JERUSALEM, JAN. 22 -- Israel said today that it will need at least $13 billion in additional economic aid from the United States because of the Persian Gulf War and the cost of absorbing Jewish immigrants from the Soviet Union.
The estimate, which is in addition to the $3 billion Israel is to receive this year from Washington in military and economic assistance, includes approximately $3 billion in estimated losses arising from the war just until mid-February.
The bulk of the total new estimate, $10 billion, is in a proposed package of grants and loan guarantees Israel says it needs to help pay for the absorption of 1 million Soviet Jewish immigrants by the end of 1992.
Finance Minister Yitzhak Modai, who presented the estimate in a meeting today with Deputy Secretary of State Lawrence S. Eagleburger, denied reporters' suggestions that it is linked to any promise of continued restraint by Israel in the face of Iraqi missile attacks on Israeli cities. "I can say with certainty and decisiveness that no such promise was given, not concerning this aid or any other aid," Modai said.
Defense Minister Moshe Arens also said Israel's restraint was unconnected to receiving permission from anybody, including the United States.
Speaking to reporters during a visit to an Israeli air force base, Arens said, "If attacked we will respond, and we have been attacked." Iraq last week launched two attacks by Scud missiles against Tel Aviv and Haifa, injuring 28 people. Another attack today resulted in three deaths and at least 96 injuries.
Asked before today's Iraqi missile attack whether Israel would retaliate for a third such strike, Arens replied, "I don't think there is any need to telegraph our intentions and say how we are going to respond and at what time."
Modai said Eagleburger did not attempt to impose conditions on any future approval of increased aid by the U.S. administration. "Our guest understood well that this is not the time to play with all sorts of political conditions and bureaucratic procedures," Modai said.
Modai said he did not present a formal aid request, but simply outlined estimated financial needs that he said are expected to mount if the war continues for months. And, he said, "This is only part of the bill that the war presents us with."
He said he expects a partial answer from the United States on the aid estimates in the next few days.
Modai said the Bush administration has been aware of Israel's need for $10 billion in grants and loan and investment guarantees for absorbing Soviet immigrants since a meeting he had with Eagleburger late last year. He said absorbing the immigrants would cost a total of $20 billion, and that Israel would raise $10 billion from other sources.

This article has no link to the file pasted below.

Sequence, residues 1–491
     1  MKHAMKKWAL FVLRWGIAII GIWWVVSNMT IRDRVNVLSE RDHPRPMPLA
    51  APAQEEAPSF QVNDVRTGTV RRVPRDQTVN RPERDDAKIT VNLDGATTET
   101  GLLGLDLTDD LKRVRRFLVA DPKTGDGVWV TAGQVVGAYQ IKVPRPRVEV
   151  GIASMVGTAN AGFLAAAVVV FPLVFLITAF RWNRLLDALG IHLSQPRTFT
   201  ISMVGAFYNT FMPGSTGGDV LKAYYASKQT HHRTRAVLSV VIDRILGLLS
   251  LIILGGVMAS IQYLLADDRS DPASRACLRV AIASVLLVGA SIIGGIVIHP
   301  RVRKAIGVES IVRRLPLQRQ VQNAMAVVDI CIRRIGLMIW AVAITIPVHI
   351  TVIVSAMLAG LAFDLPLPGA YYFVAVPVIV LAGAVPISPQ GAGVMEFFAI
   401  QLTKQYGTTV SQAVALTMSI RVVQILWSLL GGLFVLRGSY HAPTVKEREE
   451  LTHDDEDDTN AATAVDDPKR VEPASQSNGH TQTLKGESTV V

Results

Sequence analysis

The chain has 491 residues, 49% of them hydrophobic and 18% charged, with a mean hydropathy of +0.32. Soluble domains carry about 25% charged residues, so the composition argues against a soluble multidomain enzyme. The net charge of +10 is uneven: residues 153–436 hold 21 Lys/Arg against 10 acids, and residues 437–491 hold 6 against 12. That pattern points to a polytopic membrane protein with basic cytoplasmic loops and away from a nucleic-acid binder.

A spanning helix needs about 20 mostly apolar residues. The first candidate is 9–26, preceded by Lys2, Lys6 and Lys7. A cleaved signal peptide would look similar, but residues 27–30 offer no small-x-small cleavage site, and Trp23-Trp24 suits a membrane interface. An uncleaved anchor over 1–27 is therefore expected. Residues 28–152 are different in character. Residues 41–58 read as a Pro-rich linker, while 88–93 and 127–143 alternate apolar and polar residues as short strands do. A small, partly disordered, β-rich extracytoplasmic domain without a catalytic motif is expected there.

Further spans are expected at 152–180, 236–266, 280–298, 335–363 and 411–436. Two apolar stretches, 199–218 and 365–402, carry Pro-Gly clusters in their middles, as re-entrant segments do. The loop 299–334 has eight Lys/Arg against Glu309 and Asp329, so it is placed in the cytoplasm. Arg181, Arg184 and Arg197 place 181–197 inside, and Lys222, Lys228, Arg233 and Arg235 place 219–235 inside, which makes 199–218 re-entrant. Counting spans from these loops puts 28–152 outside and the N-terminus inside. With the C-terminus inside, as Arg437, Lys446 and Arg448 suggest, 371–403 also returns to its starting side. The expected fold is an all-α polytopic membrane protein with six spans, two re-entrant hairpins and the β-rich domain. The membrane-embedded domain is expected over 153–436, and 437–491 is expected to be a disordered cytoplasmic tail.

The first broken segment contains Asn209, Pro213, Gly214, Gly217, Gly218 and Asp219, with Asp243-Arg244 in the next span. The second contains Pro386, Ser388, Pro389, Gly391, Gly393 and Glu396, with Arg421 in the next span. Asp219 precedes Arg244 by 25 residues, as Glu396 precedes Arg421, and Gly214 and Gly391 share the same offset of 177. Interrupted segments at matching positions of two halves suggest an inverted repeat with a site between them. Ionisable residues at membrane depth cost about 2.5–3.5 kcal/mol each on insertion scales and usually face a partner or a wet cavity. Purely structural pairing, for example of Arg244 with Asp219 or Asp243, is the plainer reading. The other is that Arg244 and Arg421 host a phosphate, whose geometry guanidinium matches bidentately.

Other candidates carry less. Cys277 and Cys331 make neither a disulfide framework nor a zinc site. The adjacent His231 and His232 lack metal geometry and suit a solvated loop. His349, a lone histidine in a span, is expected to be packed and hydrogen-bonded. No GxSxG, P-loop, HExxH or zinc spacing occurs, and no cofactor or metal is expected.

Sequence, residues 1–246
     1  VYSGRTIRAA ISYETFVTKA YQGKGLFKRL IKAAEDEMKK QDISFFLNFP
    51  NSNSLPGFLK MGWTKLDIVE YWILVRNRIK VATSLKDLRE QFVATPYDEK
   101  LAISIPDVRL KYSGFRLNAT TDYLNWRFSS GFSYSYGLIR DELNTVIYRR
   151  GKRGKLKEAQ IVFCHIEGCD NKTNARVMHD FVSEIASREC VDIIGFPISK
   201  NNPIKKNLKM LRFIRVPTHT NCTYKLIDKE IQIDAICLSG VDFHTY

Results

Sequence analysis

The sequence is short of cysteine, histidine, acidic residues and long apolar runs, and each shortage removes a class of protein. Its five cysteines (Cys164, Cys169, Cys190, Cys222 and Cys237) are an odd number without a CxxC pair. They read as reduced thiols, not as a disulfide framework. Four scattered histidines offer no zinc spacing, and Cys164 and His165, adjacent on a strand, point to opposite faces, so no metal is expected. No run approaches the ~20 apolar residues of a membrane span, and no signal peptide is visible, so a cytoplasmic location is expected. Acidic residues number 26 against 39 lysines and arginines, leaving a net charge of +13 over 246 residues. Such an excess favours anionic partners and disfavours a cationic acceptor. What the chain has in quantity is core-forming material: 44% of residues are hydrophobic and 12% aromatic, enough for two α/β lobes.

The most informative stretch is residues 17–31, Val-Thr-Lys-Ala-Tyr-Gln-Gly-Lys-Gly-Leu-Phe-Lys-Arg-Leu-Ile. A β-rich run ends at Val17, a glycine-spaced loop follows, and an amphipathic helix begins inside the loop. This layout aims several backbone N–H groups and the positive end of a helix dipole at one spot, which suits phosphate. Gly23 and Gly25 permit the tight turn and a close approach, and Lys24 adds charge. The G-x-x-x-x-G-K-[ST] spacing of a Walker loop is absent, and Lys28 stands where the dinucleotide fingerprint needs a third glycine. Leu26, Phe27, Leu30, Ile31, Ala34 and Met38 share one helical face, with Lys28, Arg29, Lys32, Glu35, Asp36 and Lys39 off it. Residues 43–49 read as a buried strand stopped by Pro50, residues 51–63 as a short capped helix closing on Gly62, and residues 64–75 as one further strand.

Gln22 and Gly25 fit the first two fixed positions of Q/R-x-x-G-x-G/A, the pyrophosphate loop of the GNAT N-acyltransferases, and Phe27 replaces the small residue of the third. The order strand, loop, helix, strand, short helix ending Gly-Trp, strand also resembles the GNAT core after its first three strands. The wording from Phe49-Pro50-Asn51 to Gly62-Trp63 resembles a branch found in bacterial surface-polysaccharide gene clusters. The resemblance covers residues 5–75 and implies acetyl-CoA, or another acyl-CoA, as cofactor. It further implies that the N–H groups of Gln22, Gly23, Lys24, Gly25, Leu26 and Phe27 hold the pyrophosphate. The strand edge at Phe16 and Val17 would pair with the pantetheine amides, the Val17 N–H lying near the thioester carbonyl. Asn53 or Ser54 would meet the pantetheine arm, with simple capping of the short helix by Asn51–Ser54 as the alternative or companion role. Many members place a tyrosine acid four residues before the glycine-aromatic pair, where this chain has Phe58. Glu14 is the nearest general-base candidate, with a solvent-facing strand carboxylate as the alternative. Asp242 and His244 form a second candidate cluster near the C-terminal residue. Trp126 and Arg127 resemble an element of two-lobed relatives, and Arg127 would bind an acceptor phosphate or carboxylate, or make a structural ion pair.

Of his own estimate of $2.96 billion in costs directly associated with the war, Modai said, "I don't think this was the forecast of Mr. Eagleburger at all. He's not that optimistic." Modai indicated he meant that the costs could exceed $2.96 billion between the outbreak of the war and mid-February.
The finance minister explained his estimate of war costs this way:$1 billion in lost economic output during a virtual shutdown since the start of a state of emergency.
$1 billion in lost tourism revenue and higher energy costs.
$400 million in direct military expenditures stemming from the conflict.
$250 million in lost export orders.
$180 million in increased insurance payments.
$100 million in loss of transport services.
$30 million in property damage caused by the missile attacks before today.
An aide to Modai said the estimated cost for military expenditures would rise significantly if the threat of Iraqi attack became more general and required additional military measures, such as mobilizing some reserves.
Another senior official defended Modai for giving the estimates when asked why Israel would disclose aid estimates associated with the war at a time when U.S.-Israel collaboration is a sensitive subject for some Arab partners in the allied coalition.
"All we're saying is, 'Here are our problems. What can you do to help us?' It's nothing official, it is just estimates. I don't see why we should not say what we are losing," said Yossi Olmert, director of the government press office.
Olmert added, "We're not complaining to anybody. There's no demand, no linking and no pressure. We've got to say how devastating this is to our economy. Besides, everybody else is getting compensated. Why shouldn't we?"
He indicated he was referring to countries such as Egypt and Jordan, which have received substantial U.S. aid to cover costs associated with Iraq's invasion of Kuwait.